Babyshambles, The Forum, London

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The Independent Culture

If Carl Barat still awaits his prodigal compadre's meek return home, he had better find a good book to read. On this showing, Pete Doherty's new band are ready to step up from cult oddity to mainstream attraction.

If Carl Barat still awaits his prodigal compadre's meek return home, he had better find a good book to read. On this showing, Pete Doherty's new band are ready to step up from cult oddity to mainstream attraction.

Ejected from The Libertines until he could defeat his drug addiction, Doherty's side project soon took on greater importance, albeit with a handful of ramshackle performances when they turned up at all. Mainly thanks to their frontman's charisma, Babyshambles have now gatecrashed the Top 10. This just ahead of a date at the venue he played this time last year with this old band, an event recorded for posterity on the promo for their hit "Can't Stand Me Now".

Despite chart success, disorder has still followed the band. In only the past few days, a crowd barrier collapsed in Coventry, while late arrival at a charity gig was seen by many as a slight too far. Staff in Kentish Town took no chances, with photographers removed from their customary position in front of the stage. A good call, for even before the band's arrival, several members of the audience had to be rescued from the mêlée.

Doherty emerged in sharp black suit and trademark trilby. He slurred and swayed his way on to the stage, but as soon as the music began he was transformed. For the next hour you could not take your eyes off him as the frontman, without his guitar, was a constant whirl of movement. He glad-handed the audience, tried on a succession of hats thrown by the crowd and moved with the jerky energy of a marionette.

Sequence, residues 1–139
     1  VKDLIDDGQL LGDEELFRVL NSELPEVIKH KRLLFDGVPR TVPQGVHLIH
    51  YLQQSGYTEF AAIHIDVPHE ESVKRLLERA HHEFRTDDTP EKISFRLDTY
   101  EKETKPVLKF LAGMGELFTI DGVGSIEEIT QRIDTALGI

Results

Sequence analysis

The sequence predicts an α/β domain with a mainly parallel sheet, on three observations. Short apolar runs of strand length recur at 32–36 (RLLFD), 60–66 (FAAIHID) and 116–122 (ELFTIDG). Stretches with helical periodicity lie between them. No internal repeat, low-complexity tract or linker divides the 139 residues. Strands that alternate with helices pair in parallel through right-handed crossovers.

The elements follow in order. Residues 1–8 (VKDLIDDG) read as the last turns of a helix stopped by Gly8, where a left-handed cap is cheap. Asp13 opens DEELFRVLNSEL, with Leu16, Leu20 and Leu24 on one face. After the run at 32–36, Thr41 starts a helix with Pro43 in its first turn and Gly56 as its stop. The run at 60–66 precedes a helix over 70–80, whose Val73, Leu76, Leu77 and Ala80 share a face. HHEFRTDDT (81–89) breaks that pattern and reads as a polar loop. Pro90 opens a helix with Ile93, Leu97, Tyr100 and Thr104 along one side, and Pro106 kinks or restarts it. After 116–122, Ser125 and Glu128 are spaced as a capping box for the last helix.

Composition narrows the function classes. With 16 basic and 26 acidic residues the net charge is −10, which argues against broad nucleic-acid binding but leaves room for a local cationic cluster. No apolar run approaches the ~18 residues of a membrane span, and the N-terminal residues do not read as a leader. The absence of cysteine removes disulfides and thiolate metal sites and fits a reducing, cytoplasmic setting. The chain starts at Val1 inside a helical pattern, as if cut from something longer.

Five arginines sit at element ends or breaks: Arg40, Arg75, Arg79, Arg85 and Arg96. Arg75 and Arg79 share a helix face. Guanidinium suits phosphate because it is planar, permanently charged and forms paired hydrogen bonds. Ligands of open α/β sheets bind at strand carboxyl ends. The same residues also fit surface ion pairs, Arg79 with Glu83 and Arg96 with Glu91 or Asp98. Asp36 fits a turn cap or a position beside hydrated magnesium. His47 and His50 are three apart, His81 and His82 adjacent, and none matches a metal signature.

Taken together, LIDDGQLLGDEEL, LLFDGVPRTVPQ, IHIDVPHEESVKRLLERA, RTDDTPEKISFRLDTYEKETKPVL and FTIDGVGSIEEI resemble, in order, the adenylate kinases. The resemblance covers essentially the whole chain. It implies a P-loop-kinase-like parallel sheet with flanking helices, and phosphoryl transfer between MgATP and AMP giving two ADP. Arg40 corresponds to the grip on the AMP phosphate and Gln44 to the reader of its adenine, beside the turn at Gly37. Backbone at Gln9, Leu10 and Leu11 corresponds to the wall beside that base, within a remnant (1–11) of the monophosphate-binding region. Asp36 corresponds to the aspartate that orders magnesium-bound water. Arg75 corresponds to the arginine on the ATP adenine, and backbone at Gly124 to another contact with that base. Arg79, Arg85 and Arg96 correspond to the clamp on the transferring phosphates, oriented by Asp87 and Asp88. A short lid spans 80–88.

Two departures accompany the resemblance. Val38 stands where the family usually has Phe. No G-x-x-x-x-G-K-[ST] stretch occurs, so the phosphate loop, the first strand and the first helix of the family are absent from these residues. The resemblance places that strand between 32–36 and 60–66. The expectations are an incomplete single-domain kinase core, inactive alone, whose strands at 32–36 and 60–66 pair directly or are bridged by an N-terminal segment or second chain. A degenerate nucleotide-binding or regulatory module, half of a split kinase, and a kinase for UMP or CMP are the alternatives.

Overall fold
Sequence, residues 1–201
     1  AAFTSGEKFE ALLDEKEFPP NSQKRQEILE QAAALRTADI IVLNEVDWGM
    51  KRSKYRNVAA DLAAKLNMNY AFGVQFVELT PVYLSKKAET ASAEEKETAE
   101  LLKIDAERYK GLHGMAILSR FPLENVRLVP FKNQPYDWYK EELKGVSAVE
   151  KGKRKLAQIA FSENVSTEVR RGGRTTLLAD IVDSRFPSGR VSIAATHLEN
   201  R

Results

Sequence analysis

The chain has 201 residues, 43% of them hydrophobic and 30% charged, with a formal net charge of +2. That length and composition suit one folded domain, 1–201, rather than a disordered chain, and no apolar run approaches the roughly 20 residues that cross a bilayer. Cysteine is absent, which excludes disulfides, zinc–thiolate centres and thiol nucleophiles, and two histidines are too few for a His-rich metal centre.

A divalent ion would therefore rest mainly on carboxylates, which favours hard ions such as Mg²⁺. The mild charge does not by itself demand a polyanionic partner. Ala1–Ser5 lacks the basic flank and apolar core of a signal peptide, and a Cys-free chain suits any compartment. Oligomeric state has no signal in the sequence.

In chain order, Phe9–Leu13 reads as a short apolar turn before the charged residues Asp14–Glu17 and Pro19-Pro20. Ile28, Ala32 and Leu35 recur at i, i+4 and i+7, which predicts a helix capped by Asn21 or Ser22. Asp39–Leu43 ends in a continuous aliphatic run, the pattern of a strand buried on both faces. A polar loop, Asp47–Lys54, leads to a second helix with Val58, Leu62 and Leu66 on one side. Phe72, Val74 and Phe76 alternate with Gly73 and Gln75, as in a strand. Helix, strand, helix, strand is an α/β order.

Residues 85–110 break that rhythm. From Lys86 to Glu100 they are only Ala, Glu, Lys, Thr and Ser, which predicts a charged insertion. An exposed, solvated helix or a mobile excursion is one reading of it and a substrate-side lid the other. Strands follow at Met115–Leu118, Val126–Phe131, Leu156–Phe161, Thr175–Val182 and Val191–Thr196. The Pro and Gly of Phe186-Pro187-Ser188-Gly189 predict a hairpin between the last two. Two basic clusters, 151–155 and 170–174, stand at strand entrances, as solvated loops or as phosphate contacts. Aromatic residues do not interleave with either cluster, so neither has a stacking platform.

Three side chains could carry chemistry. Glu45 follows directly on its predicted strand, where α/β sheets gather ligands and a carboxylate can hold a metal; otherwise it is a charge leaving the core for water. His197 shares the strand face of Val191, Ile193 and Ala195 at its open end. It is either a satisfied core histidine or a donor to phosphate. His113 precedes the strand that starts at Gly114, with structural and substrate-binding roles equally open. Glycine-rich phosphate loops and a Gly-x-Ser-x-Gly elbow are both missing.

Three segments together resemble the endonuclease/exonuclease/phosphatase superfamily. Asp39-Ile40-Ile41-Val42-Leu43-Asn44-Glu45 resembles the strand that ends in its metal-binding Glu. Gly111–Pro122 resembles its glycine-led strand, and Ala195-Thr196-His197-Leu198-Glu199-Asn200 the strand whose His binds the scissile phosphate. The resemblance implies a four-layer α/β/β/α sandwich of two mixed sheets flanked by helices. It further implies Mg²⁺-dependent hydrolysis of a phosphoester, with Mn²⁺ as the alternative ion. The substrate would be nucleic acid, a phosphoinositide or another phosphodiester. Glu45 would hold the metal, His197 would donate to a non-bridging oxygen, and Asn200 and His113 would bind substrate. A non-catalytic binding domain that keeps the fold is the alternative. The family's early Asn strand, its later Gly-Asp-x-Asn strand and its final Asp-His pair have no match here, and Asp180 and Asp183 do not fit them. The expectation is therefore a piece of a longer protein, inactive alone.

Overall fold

Yet Babyshambles was about more than one man. Equally impressive in the four-piece were Gemma Clarke, who displayed rare subtlety behind the drumkit, backed by power and stamina. Meanwhile, shy guitarist Patrick Walden filled out the band's sound with a variety of unexpected styles.

Still, their debut single, "Babyshambles", was a mess, and raucous current hit "Killamangiro" could not compete with what are set to become their signature tunes. Both showed the band's ease with a more open sound, akin to the reggae stylings of The Clash. First came the stomping anthem "Fuck Forever", where Doherty defiantly expounded his live-for-today philosophy. Then he continued The Libertines' vision of a romanticised Britain with the stately "Albion" that matched "leaves on the lawn" with "violence at bus stops".

Still the band teetered on the edge of chaos. Under a hail of plastic glasses, Doherty stage-dived into the crowd, emerging minus his jacket. For the Libertines number, "What Katy Did", he brought on a child to sing with him, though the beaker-chucking continued. This only registered with Doherty when he started the next song, causing him to hurl his mike to the floor and threaten not to play until the culprit was ejected.

His band restarted "Killamangiro" with more force, though they could not maintain such intensity for the whole set. Yet by then Babyshambles had made the leap from pub venue to theatre. The sideshow is fast becoming the main event.

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